|Famine memorial in Dublin|
Like a wolf in search of prey
Comes the famine on his way”
That poem in “The Nation,” the journal of the Young Irelanders, who were the Irish republicans of 1846 summarizes what was occurring as Ireland headed full tilt for the Famineand disaster.
In his new book “The Graves are Walking” John Kelly gives an extraordinary insider account of the events that led to the Famine and the machinations on high and the suffering of the peasants below.
It is still an insane thought that the most successful country in the world at the time allowed millions to starve in Ireland, its’ closest colonial neighbor.
Imagine the US, the land of plenty, allowing millions of Hawaiians to starve in a Famine there and you get some sense of the absurdity.
This book reveals insights which have rarely been glimpsed and it does not shun controversy.
The role of Daniel O’Connell as liberator of the Catholic masses is well documented.
But also documented here isO’Connell’sdisastrous decision to throw in his lot with Whig leader Lord John Russell who became Prime Minister in July 1846 at the beginning of the worst period of the Famine.
O’Connell did so to help gain the repeal of the Act of Union between Britain and Ireland, which was at the source of so many of Ireland’s problems.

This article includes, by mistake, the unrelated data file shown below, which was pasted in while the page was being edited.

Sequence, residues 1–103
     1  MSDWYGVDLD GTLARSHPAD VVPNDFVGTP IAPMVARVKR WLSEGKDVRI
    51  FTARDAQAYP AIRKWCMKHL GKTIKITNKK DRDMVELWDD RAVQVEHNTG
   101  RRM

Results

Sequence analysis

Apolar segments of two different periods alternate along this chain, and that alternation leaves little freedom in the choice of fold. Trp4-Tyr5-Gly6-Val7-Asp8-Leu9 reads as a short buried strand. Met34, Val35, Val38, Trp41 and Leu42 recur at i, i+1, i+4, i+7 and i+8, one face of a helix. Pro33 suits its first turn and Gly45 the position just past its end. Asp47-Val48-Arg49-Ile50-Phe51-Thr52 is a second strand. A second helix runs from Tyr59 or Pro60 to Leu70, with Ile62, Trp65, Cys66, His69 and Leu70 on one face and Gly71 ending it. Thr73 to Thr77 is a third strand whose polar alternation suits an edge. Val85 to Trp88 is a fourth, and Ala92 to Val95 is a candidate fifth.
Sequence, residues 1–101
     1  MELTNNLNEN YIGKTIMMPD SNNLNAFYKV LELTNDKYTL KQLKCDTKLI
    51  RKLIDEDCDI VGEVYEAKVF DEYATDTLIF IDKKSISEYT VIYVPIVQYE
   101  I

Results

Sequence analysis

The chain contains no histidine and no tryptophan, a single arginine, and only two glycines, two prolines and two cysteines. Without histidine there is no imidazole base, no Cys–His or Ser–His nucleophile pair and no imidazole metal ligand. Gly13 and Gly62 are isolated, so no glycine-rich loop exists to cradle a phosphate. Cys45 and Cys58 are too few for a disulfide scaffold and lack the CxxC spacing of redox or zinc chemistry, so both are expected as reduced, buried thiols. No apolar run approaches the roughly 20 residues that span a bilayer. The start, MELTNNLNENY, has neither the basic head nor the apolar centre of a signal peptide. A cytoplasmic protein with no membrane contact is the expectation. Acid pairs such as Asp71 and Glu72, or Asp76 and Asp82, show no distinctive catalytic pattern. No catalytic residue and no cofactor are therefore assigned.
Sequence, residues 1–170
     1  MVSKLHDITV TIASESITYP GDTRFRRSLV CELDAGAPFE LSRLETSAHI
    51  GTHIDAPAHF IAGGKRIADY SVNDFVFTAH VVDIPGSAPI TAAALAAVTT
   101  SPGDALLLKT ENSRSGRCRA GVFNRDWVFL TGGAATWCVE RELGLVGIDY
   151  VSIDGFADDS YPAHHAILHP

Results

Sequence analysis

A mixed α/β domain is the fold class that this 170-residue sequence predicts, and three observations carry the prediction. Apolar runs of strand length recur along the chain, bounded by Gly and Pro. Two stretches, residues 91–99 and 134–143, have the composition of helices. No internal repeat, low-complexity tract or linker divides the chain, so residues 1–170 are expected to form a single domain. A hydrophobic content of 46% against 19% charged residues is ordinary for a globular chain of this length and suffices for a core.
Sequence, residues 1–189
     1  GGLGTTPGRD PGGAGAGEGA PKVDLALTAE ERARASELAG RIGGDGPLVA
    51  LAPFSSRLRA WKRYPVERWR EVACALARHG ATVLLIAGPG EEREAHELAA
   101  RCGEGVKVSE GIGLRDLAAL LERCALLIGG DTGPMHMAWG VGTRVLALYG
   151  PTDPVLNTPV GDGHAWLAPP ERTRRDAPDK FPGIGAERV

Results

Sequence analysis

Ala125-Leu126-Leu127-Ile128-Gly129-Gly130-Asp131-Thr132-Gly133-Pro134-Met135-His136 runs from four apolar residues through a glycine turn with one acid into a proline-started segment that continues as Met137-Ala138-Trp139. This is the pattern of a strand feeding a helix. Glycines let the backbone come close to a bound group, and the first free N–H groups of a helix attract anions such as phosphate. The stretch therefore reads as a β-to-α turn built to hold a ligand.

But in the process he backed a man who had become a fully-fledged free trader who insisted that market prices must be received and no government intervention made – even when the result was millions of Irish starving because they could not afford to buy the imported corn.
Russell’s predecessor, the Tory leader Sir Robert Peel, as Kelly points out, had adopted a far more humane policy and had been widely praised for ordering and freeing up imported corn for starving Irish the previous year when the worst of the Famine was blunted.
Kelly has made a profound point about O’Connellthat it was the biggest mistake of his life as Russell paid no heed to repeal and the Irish starved by the millions.
The book is scathing about the various British viceroys who came over to Ireland during that period, but kind to the many incredible charities, such as the Quakers and many American organizations as well who did their best to alleviate the suffering.
There is a hilarious chapter on Monsieur Alexis Soyer, a French chef who had proclaimed he had the perfect ingredients for a gourmet soup to save the starving Irish and was much praised in The Times of London and elsewhere.
He even demonstrated this for hundreds of aristocrats in Dublin watched by a “large and brilliant assemblage” and no doubt by the starving peasants as well. Even Monty Python could not have done such a scenario justice.
M.Soyer, gourmet soup and all were soon dispatched back to Britain and obscurity.
The fate of the Famine ships is also discussed in great detail, as is the sense of impending doom in cities such as Montréal as the famine increased and the Irish boats kept coming, discharging their wretched cargo.
The scenes at Grosse Ile, the quarantine Island as depicted by Kelly would bring tears from a stone, while the unlikely rise of the Irish in New York from Famine masses to political power is also documented.
A great read if you’re Irish and even if you’re not. "The Graves Are Walking" is already deservedly a best seller in Ireland.